A CHARITY dedicated to protecting and improving a national park and the wildlife it supports looks set to team up with the publicly-funded body charged with its conservation to help boost bird species facing serious declines.

The North York Moors National Park Trust is examining the development of a project to boost habitats for Yellowhammer, Song Thrush, Redstart and Turtle Dove, which have seen significant declines due to farming practices.

A report to the national park authority states all four species rely on “edge habitat”, nesting in woodland edges or thick hedgerows, but feeding around field margins of arable land.

Long-term monitoring carried out by the British Trust for Ornithology shows the Song Thrush population declined by more than 50 per cent between 1970 and 1995 and the decline was most pronounced on farmland, where the population decreased by about 70 per cent.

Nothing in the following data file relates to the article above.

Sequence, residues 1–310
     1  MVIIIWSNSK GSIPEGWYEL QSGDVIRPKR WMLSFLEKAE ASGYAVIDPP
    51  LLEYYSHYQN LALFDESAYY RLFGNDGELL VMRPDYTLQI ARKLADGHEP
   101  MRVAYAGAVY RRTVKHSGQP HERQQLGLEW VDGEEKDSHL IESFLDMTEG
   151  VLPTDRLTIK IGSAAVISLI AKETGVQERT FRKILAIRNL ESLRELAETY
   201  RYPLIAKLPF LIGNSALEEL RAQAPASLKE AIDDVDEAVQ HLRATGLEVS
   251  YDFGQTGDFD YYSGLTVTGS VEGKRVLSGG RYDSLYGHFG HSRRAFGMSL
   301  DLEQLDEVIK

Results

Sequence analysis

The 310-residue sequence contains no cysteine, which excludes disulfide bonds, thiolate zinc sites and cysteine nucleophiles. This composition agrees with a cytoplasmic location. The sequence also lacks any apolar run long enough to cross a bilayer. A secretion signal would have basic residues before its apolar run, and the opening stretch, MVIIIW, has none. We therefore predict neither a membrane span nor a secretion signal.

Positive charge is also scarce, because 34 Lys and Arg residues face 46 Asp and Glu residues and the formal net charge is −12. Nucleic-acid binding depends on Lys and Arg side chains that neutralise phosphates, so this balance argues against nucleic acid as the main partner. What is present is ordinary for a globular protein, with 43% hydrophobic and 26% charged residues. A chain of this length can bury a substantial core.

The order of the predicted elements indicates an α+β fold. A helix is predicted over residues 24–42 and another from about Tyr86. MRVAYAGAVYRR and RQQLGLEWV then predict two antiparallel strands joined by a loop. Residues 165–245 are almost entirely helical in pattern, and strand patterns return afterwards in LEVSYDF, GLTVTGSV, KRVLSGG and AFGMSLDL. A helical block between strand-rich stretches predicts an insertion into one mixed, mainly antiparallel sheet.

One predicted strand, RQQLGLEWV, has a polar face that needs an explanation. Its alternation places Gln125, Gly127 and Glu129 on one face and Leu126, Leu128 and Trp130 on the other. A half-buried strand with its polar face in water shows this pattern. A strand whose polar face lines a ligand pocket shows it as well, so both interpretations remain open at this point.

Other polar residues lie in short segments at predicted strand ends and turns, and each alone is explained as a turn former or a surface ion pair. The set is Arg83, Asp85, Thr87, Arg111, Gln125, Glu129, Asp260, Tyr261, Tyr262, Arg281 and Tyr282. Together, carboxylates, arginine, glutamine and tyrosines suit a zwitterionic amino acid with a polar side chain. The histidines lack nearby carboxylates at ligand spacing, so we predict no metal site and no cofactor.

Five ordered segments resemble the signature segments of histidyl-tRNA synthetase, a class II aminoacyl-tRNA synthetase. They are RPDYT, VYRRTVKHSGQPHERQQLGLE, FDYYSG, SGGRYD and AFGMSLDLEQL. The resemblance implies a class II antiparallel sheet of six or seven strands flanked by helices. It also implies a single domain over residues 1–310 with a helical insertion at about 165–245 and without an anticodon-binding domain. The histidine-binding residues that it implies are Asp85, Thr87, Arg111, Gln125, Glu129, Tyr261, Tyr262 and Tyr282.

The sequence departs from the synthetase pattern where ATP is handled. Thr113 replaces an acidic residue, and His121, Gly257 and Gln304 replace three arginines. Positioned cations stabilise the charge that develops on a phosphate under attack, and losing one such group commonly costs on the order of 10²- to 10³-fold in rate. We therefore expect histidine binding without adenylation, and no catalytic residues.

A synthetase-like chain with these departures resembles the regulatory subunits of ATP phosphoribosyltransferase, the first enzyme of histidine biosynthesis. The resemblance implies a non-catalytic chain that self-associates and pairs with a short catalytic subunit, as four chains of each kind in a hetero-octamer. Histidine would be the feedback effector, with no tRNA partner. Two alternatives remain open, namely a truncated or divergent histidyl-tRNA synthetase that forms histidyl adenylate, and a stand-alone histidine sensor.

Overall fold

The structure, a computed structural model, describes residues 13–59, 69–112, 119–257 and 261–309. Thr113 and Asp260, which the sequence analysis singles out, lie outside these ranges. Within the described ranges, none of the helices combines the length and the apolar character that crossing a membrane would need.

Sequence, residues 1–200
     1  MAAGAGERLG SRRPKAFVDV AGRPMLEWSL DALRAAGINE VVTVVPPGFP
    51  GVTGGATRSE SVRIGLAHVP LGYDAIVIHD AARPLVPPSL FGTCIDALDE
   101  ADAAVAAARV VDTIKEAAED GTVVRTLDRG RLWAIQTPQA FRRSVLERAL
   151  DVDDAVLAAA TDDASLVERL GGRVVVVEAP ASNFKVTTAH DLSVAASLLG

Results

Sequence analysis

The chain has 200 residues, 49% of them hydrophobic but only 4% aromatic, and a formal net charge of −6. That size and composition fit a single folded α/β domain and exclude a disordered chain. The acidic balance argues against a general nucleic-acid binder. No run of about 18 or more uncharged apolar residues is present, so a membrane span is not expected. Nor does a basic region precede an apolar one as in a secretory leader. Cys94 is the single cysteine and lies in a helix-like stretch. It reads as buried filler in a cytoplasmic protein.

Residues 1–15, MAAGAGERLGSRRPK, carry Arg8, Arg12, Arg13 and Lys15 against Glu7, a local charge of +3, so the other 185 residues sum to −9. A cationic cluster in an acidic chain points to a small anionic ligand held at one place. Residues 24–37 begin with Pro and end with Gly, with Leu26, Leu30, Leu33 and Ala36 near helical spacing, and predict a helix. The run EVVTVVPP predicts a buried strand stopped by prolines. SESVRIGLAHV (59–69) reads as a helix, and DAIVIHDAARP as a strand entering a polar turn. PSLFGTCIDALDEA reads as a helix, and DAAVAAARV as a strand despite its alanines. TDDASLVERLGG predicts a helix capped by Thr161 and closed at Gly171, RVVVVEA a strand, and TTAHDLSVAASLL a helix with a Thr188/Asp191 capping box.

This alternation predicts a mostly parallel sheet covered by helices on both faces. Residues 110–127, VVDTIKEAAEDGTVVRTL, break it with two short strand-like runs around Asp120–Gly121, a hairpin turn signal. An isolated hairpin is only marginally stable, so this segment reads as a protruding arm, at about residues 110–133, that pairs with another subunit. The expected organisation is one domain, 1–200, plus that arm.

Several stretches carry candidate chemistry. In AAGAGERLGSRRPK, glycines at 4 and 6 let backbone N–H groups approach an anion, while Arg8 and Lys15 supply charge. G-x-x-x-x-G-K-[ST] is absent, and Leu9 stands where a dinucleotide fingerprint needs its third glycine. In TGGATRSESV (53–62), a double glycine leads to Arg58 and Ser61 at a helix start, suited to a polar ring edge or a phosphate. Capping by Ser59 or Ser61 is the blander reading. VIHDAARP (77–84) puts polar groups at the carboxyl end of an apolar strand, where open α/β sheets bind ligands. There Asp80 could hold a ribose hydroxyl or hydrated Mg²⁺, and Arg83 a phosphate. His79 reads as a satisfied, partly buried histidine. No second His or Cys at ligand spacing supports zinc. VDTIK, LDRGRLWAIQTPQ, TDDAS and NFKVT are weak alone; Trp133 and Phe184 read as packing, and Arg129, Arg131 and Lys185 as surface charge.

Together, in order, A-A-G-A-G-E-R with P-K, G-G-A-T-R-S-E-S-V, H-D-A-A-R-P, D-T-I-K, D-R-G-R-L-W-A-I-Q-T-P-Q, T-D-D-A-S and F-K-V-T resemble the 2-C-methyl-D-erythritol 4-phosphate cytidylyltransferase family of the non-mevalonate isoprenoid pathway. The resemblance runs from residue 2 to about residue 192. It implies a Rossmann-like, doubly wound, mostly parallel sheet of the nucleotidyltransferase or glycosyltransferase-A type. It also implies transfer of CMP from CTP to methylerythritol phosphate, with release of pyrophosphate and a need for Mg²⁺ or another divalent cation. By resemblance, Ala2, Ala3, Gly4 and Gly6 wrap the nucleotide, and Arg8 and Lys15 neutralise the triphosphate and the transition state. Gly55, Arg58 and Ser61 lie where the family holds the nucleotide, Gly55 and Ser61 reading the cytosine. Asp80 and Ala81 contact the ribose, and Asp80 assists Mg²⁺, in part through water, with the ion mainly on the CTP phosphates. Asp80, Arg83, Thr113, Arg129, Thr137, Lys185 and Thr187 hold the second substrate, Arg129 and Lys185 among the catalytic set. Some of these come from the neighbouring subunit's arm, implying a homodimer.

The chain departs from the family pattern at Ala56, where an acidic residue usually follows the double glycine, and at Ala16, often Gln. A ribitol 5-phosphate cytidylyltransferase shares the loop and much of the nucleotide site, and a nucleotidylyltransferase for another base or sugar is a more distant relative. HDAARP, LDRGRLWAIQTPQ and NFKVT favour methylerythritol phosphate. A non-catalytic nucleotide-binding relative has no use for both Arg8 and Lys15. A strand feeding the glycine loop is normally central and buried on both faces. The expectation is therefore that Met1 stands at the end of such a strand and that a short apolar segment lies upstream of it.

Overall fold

Meanwhile, Yellowhammer species has declined by 50 per cent over the last 25 years and has been “red listed” by the RSPB, highlighting its status as an endangered species within the UK.

Over four years, the £250,000 project would support and increase the population of these species, through targeted interventions working with land managers and the local community.

The initiative would aim to build upon the award-winning National Lottery Heritage funded project Only Two Turtle Doves, that the park authority, which is set to end in April.

Since 2017, the authority has carried out conservation work to secure and enhance habitats of Turtle Doves, which breed in the North York Moors over the summer before migrating back to Africa .

One aim of the Turtle Doves scheme has been to ensure there are suitable plants for seed to eat throughout the summer and clean supplementary seed in spring to help the birds reach breeding condition quickly once they arrive back following migration.

While the trust is expected to lead bids for funding for the new four species initiative, it would add to the externally funded conservation initiatives which the authority has actively sought to increase in recent years, particularly since its government grant was cut.